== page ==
The finish of any hardwood flooring is very important for both giving your floors that luscious, beautiful sight as well as for properly preserving them for many years. However, no matter what type of floor finish you or a professional performs, it will have to be re-finished at some point in order to keep them looking pretty.
The question inevitably becomes… what hardwood flooring finish do I select?
Well, in the hardwood flooring world there are many finishes out there. They all come with their own set of advantages and disadvantages. However, we just want to educate you on the difference between oil finishes and non-oil finishes.
The most common types of non-oil finishes are varnish & polyurethane. Other choices include lacquer, shellac, and water-based finishes. Non-oil finishes are often known as “surface sealants” because they sit atop the hardwood floor, providing both an extra layer of protection and the glossy shine to your hardwood floors.
Main advantages of non-oil finishes:
- Once you apply it, they will typically last several years of up to 35 years or more before having to be refinished.
- Will resist most minor impacts and spills, preventing damage to your floors.
- Varnish finishes have the ability to prevent wood floors from collecting dust.
A popular choice for oil finishes are hardwax or tung oil. However, other options exist such as linseed oil and Danish oil. All oil finishes actually penetrate the hardwood floors, harden, and provide added protection from within. They do not provide as much gloss as non-oil finishes, but offer a great alternative for classic or exotic flooring options such as our Oak Strauss. They must be re-coated more frequently than non-oil finishes – roughly every couple of years or so for best results.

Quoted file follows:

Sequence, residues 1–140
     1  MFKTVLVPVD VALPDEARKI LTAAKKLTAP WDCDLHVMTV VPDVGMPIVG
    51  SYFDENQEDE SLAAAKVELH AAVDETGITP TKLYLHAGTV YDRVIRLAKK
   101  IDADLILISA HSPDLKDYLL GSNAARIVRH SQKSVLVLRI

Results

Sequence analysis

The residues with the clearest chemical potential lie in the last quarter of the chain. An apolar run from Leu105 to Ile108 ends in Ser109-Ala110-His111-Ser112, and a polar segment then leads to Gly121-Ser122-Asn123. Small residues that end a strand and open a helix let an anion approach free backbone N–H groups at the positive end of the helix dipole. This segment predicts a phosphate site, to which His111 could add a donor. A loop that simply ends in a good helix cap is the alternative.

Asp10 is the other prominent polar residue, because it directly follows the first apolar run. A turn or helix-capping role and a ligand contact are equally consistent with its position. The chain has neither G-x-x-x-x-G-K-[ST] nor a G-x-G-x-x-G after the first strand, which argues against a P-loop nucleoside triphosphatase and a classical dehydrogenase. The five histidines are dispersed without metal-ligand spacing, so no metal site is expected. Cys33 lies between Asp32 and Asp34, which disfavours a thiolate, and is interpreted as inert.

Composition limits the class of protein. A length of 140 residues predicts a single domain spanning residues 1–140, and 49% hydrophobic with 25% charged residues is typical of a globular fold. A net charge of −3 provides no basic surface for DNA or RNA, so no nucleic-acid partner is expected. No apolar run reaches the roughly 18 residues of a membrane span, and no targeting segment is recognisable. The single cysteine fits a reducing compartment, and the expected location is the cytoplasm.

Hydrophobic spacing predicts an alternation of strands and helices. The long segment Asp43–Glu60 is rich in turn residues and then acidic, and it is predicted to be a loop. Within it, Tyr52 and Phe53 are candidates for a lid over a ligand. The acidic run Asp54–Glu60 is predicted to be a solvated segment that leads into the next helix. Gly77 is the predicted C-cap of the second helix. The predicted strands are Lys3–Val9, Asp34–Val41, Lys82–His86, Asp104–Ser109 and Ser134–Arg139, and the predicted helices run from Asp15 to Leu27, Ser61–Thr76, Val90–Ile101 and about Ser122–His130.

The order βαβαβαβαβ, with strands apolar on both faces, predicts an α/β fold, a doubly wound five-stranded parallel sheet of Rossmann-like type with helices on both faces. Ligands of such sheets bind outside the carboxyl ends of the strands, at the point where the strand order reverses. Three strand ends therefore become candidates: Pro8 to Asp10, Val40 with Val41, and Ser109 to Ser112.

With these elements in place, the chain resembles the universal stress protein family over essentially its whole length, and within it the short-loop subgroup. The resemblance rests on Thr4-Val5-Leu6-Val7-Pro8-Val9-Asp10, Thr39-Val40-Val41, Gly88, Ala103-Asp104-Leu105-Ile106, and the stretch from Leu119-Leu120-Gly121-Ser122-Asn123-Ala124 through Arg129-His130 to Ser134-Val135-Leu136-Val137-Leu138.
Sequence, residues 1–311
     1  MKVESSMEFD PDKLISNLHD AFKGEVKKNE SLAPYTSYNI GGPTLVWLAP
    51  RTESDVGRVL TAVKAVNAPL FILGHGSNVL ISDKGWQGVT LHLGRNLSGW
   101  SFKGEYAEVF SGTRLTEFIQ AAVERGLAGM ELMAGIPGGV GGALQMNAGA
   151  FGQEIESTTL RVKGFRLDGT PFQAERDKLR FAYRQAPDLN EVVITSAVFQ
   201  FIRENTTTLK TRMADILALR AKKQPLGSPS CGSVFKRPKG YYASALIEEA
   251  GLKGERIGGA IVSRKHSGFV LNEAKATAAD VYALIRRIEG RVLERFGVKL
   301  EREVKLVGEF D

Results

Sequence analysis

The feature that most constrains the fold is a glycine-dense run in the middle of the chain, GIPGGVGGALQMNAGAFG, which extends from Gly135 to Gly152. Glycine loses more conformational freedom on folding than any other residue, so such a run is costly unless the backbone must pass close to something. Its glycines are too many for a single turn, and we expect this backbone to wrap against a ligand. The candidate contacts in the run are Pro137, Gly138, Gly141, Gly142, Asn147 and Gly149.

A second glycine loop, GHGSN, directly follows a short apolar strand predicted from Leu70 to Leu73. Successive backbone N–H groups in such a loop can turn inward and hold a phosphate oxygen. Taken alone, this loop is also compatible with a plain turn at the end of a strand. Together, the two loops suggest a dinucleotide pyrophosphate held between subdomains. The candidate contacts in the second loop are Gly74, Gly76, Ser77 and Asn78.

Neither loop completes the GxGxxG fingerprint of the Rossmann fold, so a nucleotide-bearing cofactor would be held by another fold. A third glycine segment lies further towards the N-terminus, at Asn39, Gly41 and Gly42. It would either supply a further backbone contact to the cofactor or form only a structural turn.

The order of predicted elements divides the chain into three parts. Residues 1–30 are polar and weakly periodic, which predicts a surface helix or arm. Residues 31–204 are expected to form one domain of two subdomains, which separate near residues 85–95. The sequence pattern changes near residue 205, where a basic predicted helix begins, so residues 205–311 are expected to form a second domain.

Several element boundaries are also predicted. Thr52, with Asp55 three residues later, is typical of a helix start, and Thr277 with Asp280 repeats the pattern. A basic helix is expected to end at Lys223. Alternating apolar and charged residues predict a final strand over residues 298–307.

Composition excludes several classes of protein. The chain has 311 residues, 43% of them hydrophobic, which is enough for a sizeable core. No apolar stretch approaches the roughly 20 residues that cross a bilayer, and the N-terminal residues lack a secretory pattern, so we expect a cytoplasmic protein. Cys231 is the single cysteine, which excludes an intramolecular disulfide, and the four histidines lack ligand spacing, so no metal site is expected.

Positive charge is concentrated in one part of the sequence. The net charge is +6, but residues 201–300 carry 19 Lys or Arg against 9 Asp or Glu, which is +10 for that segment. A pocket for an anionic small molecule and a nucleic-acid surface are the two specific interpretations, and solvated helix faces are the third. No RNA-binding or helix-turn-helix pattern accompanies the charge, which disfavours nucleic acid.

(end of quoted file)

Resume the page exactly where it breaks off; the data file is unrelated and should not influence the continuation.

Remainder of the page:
Main advantages of oil finishes:
- Wood can be re-coted without having to sand the floor.
- Damage to hardwood floors is generally easier to repair.
- They do not crack or peel as some non-oil finishes are known for.
Trust a Professional!
You should never attempt to apply a hardwood floor finish, oil or not, unless you have a full understanding of what you’re doing. Plenty of DIY guides may be found online, but without a full understanding you put your hardwood floors at risk. We always recommend a professional in these circumstances.